Several studies on JIA point to a high co-occurrence of IgM RF and anti-CCP [8, 26, 27], but they may also occur independently . JIA patients with IgM RF and/or anti-CCP generally present at a higher age than patients without these antibodies . In line with these results, the IgM RF-positive children with articular damage in our study had a high age at onset, a polyarticular or oligoarticular extended disease pattern, and were IgA RF or anti-CCP positive as well. The anti-CCP levels in these children were also very high. It has been suggested that JIA patients positive for both IgM RF and anti-CCP present a more severe disease phenotype than those with only one autoantibody . In line with this, we can report that co-occurrence of IgA RF and possibly of anti-CII is associated with severe joint damage after eight years of disease in JIA.
We found an association between anti-CCP and joint damage. This is supported by several earlier studies showing an increased risk for radiological bone damage in patients with anti-CCP in JIA [17, 22, 26, 28]. Four of five anti-CCP positive patients in our study were more than 10 years old at onset; the fifth was one year old and had systemic JIA. However, others have presented a separate group of children with only anti-CCP and young age of onset .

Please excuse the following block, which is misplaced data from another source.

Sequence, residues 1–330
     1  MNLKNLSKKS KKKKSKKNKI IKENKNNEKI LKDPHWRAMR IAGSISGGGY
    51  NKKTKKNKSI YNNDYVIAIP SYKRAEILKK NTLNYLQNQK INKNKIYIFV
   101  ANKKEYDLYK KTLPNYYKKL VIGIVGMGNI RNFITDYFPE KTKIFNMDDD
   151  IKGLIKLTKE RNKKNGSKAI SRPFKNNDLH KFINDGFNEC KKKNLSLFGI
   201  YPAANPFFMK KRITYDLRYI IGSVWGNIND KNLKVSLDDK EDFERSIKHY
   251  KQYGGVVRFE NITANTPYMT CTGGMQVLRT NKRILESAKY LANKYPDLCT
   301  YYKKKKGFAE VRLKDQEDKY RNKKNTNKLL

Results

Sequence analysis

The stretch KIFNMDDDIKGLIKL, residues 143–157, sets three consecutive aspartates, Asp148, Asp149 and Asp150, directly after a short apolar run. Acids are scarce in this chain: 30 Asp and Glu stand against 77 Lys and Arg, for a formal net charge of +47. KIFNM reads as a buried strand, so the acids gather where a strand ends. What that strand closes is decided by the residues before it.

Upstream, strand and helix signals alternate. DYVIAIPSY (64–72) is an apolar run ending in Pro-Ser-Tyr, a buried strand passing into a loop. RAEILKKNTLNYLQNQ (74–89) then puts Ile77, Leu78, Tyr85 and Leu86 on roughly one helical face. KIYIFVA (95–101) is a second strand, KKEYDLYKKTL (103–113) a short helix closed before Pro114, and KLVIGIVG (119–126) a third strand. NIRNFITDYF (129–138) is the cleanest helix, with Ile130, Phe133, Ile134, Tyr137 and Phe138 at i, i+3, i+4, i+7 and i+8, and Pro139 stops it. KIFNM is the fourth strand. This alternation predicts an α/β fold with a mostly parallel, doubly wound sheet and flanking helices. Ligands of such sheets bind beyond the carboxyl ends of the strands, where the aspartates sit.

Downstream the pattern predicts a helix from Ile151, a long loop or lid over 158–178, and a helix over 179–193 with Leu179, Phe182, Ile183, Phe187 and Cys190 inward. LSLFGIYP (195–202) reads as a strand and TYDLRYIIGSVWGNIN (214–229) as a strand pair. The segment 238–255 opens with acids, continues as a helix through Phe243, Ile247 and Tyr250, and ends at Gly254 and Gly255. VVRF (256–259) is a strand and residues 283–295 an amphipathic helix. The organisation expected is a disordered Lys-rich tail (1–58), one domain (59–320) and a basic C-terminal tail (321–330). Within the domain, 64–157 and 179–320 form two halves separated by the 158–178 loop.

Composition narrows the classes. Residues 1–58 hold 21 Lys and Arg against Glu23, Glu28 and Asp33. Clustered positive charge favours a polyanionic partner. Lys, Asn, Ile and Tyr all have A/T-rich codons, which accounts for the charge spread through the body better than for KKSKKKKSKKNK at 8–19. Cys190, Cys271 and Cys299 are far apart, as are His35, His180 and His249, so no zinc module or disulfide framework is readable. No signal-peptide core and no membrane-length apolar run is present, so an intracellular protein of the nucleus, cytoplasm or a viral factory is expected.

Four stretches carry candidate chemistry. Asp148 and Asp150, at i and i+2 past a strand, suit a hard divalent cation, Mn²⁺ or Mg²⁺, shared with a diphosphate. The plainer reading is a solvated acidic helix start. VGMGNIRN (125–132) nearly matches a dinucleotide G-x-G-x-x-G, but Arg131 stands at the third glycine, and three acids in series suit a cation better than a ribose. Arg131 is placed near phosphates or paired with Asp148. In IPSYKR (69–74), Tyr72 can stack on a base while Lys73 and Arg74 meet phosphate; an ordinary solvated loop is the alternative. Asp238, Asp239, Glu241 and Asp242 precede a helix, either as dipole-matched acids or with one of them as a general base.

Two of the five anti-CCP positive patients had levels more than ten times higher than the rest of the group. This is in concordance with adult RA, where anti-CCP positive individuals generally have levels clearly above the cut-off . Others have found anti-CCP levels to be higher in IgM RF-positive patients with JIA compared with IgM RF-negative patients . A very high level of anti-CCP at diagnosis should most likely be considered in prognostic evaluation and risk assessment for articular damage in children with JIA .
Studies on IgA RF and joint damage in JIA are limited. In our study, we found the strongest association between IgA RF and joint damage after eight years of disease. This is supported by two previous studies presenting an increased risk for joint space narrowing or erosions in JIA patients with IgA RF [5, 17]. In adults, a number of studies have indicated IgA RF as a stronger predictor for poor radiological prognosis than IgM RF [32, 33]. High levels of IgA RF have also been shown to predict poor response to TNF inhibition in RA .